More babies in the US are being born prematurely—a trend that’s linked to the state of racial inequality in America today.
In 2017, the number of babies born earlier than 37 weeks rose for the third year in a row, according to this year’s data from the National Center for Health Statistics. About 9.93% of babies in 2017 were born prematurely, up from 9.85% in 2016. That’s bad news for parents and their babies. Premature birth is the leading cause of infant mortality in the US, and can cause long-term intellectual and developmental disabilities in children, as well as lung and respiratory problems, autism, and dental, auditory, and vision problems.
Those problems are not evenly distributed across racial categories. While the preterm birth rate for white women was 9.06% in 2017, it was 13.92% for black women and 9.61% for Hispanic women.
“This is a disturbing trend we are all deeply concerned about,” Lisa Waddell, senior vice president for maternal child health and neonatal intensive care unit innovation at the March of Dimes organization, tells Quartz. “We are seeing these disparities happening among women of color … and we don’t know exactly why that is happening. What we do know is that there are systemic issues that we need to work hard to address.”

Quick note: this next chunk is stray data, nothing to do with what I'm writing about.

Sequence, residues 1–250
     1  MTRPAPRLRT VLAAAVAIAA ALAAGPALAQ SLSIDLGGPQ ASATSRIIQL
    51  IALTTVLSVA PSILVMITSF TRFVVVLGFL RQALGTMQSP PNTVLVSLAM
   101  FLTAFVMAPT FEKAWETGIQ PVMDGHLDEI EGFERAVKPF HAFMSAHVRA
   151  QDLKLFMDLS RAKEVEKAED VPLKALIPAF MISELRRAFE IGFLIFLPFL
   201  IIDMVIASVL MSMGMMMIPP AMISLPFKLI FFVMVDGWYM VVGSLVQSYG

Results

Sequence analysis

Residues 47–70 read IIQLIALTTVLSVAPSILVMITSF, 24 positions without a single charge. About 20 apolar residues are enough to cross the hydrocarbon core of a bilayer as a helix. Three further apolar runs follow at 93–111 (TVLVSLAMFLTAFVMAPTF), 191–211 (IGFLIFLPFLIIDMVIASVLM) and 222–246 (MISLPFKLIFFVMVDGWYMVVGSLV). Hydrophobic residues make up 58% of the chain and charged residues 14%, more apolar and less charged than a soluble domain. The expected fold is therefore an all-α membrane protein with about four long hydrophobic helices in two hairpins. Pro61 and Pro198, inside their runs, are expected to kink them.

While researchers don’t know exactly why premature births are more likely for black and Hispanic women, Waddell had some ideas—and they all start with the link between chronic stressors like poverty, deep anxiety, or emotional and physical abuse, and the likelihood of preterm birth. Waddell wrote in an email that the higher preterm birth rates for women of color might be related to people in this group “experiencing chronic stress due to underlying racism and discrimination.” This, she wrote, can take several forms, including “stress due to housing concerns, worries about job … lack of transportation to access care, [and] stress due to not being heard/listened to.”
The health problems associated with premature births can be incredibly expensive—an issue that’s also likely to disproportionately affect women of color. According to the Pew Research Center, in 2013, white households were about 13 times more wealthy than black households in terms of their median net worth, and 10 times more wealthy than Hispanic households.
Wadell says the report underscores the importance of ensuring that poorer women of color have access to high-quality health care—both during and after pregnancy. In addition, she notes, medical professionals should take extra care to listen to black and Hispanic women, whose concerns about their pregnancies are often dismissed. Once women of color get into care, Wadell asks, “are their voices being heard?”
This reporting is part of a series supported by a grant from the Bernard van Leer Foundation. The author’s views are not necessarily those of the Bernard van Leer Foundation.